How to Create a Credit Policy That Works

Credit policy is designed to protect a company against the financial risks caused by customers who can’t pay on time or at all. At its most basic, a credit policy determines which customers are extended credit, sets payment terms, defines credit limits, and directs how delinquent accounts will be managed.  The following tips will help you create a robust credit policy for your business.

Factors to Consider When Creating a Credit Policy

When creating a credit policy, it is important to consider several factors:

Business Goals: Is topline growth important, and are you willing to extend more credit to achieve that goal, or is profitability more important? Look at your revenue, expenses, and sales patterns to figure out how much credit you can afford to extend. Extending too much credit can be risky but extending too little credit can stifle growth.

Customer and Product Mix: Are your customers mostly large corporations, small businesses, or a mix?  Different types of businesses can have different payment patterns, processes and risk levels. Similarly, different types of orders and products may require different terms of sale. Your credit policy should be flexible enough to accommodate these nuances.

Roles and Responsibilities: How do you want to divide responsibilities between sales, credit, and collections? Who should be responsible for getting the customer to complete the credit application?  Who should communicate approvals and credit limits back to the customer? Who should follow up with delinquent accounts? Clear roles and responsibilities are critical to ensuring a smooth credit process and a positive customer experience.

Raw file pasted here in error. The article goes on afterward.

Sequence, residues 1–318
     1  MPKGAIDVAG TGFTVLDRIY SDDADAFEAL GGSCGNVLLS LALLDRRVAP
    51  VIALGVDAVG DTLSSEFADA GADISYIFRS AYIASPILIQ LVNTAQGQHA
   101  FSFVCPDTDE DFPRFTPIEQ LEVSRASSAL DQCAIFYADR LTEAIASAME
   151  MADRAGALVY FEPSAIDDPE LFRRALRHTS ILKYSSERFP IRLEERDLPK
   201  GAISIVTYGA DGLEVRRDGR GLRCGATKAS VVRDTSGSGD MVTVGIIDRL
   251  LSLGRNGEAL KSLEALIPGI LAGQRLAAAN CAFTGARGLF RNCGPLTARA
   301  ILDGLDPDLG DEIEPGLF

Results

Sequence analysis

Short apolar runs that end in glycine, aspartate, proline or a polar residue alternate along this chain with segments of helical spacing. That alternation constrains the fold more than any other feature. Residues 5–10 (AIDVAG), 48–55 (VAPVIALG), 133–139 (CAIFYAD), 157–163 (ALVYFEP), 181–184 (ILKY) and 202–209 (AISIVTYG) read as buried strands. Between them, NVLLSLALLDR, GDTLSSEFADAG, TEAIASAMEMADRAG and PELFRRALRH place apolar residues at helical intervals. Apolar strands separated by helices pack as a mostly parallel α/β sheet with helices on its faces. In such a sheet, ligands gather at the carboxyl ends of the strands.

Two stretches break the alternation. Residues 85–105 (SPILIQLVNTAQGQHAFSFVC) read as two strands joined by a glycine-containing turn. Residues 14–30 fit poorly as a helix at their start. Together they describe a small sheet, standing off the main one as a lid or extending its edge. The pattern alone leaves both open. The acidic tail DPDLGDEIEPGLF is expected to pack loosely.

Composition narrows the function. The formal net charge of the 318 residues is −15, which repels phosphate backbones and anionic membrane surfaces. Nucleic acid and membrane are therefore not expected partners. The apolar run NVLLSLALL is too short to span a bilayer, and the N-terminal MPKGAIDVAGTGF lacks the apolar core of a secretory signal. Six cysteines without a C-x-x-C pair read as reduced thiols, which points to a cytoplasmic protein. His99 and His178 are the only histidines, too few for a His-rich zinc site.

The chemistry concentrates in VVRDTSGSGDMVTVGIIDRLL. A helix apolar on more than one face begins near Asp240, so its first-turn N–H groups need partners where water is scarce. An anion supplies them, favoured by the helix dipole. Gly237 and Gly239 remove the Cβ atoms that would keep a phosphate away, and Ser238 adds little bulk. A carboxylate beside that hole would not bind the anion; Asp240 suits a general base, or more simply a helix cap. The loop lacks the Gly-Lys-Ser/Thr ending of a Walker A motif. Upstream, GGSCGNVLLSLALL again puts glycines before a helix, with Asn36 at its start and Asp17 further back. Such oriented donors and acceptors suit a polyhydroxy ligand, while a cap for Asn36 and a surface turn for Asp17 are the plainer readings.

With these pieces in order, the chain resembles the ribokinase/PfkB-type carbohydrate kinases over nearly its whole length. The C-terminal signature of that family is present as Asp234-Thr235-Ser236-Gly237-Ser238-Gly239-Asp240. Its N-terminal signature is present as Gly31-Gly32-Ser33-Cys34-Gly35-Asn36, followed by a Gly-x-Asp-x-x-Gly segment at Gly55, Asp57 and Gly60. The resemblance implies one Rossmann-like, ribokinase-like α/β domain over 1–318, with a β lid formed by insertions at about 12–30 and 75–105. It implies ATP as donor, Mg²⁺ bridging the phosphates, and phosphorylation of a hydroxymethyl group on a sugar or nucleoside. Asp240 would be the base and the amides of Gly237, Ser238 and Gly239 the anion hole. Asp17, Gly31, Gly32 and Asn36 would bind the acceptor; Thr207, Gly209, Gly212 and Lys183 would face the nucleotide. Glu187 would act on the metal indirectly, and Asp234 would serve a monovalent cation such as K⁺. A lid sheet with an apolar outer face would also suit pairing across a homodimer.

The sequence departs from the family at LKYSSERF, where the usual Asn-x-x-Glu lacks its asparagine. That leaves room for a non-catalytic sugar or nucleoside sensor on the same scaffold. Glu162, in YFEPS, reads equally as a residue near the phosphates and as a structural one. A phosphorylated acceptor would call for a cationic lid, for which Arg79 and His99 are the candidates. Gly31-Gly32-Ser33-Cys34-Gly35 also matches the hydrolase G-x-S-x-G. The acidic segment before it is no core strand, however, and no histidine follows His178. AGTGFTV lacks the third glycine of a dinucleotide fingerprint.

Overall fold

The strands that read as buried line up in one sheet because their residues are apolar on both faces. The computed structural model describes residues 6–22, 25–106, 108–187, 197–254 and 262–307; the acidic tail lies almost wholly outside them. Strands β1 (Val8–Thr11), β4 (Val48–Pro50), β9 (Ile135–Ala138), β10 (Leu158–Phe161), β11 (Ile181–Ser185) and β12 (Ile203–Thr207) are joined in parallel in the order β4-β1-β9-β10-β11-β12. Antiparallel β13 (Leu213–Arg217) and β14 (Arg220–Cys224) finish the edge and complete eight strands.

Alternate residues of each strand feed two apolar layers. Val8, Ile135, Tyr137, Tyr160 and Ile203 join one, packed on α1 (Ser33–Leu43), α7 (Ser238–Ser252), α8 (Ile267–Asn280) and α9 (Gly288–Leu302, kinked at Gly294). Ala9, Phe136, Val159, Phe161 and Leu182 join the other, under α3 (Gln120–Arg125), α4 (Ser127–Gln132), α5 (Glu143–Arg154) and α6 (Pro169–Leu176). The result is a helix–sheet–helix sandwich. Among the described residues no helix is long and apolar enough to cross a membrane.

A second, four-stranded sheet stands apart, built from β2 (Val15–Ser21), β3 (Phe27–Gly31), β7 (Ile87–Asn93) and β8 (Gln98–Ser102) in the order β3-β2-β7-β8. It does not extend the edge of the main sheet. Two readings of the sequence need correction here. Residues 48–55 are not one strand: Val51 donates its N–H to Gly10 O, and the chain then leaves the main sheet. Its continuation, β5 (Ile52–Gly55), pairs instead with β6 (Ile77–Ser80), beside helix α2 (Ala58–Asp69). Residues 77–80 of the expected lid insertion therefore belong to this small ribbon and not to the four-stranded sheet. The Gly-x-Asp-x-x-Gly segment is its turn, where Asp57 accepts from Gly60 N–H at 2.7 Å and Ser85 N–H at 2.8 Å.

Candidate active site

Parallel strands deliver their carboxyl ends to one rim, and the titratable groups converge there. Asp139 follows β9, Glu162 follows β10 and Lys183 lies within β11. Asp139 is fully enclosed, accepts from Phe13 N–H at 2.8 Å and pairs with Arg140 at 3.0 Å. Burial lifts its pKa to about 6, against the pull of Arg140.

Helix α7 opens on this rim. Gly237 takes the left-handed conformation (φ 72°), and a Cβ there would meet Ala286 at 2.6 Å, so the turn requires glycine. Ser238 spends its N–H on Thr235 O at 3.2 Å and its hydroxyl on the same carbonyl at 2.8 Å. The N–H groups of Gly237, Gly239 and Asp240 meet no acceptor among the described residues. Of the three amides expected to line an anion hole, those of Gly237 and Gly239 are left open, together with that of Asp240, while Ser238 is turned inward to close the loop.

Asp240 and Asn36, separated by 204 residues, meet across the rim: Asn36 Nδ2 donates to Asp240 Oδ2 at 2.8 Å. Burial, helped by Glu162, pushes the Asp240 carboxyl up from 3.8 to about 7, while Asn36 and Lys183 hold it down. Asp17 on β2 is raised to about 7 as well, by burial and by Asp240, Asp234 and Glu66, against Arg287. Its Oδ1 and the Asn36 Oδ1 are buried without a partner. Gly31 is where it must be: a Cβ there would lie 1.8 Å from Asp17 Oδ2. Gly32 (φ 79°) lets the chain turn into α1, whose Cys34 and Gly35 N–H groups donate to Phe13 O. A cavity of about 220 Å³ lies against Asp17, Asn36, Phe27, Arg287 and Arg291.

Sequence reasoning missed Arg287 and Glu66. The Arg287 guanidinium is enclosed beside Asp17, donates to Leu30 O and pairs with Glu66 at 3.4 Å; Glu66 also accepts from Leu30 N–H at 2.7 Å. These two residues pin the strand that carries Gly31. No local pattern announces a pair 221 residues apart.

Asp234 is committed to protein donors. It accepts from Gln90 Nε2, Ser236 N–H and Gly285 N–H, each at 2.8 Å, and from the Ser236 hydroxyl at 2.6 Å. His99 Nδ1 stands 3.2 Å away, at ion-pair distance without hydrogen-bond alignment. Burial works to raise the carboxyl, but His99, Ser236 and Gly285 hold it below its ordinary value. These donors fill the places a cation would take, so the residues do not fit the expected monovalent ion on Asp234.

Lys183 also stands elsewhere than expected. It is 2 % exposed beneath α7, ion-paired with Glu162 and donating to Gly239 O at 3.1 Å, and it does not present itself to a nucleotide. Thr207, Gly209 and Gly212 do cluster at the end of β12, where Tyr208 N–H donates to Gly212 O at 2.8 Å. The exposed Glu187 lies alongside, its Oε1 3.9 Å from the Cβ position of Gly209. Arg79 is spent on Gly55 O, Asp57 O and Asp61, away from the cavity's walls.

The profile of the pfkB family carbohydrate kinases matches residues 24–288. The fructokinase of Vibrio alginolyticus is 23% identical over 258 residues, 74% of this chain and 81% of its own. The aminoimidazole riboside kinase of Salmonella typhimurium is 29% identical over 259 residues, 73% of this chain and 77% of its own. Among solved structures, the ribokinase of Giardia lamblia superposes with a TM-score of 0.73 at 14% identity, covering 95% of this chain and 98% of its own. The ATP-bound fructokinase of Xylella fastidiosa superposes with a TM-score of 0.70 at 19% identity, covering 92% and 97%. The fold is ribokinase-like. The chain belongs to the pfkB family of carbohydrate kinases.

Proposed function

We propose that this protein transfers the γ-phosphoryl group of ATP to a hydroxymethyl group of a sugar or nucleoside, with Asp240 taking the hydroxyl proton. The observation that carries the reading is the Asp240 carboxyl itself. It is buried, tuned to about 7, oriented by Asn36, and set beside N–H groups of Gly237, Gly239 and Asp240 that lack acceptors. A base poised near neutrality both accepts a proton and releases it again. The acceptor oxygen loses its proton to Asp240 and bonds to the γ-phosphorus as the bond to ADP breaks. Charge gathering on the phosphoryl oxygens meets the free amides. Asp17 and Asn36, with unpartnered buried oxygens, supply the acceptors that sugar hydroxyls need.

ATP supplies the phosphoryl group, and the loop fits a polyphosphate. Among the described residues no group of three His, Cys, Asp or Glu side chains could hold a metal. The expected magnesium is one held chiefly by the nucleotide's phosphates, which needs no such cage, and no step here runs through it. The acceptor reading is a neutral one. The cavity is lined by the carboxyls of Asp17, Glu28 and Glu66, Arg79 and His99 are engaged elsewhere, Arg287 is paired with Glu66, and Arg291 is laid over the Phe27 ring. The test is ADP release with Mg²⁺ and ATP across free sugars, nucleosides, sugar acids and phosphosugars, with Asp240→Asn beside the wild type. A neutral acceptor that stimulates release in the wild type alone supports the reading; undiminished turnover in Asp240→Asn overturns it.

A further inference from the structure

Essential Credit Policy Elements

Your credit policy should be well documented and reviewed on a regular basis. Every six months is recommended. However, if there are significant changes in the economic climate or customer payment patterns, you should update the policy more frequently. A robust credit policy should include, but is not limited to, the following elements:

  • Defined roles and responsibilities for all involved in the credit process
  • Documentation required for credit application/file
  • Methods/approved sources for gathering credit information
  • Time limits for credit decisions
  • Terms of sale
  • Preferred payment methods (i.e. ACH, credit card, etc.)
  • Procedure for communicating the credit decision/limit to internal stakeholders and the customer
  • Procedure for handling disputes on billed amounts
  • Triggers/criteria for account reviews
  • Procedures for handling slow-paying accounts
  • Penalties imposed for late payments
  • Collections policy
  • Litigation policy

Follow these tips and you will be well on your way to developing and implementing a robust credit policy to protect your business. Contact us to discuss how you can incorporate these tools into your credit policy.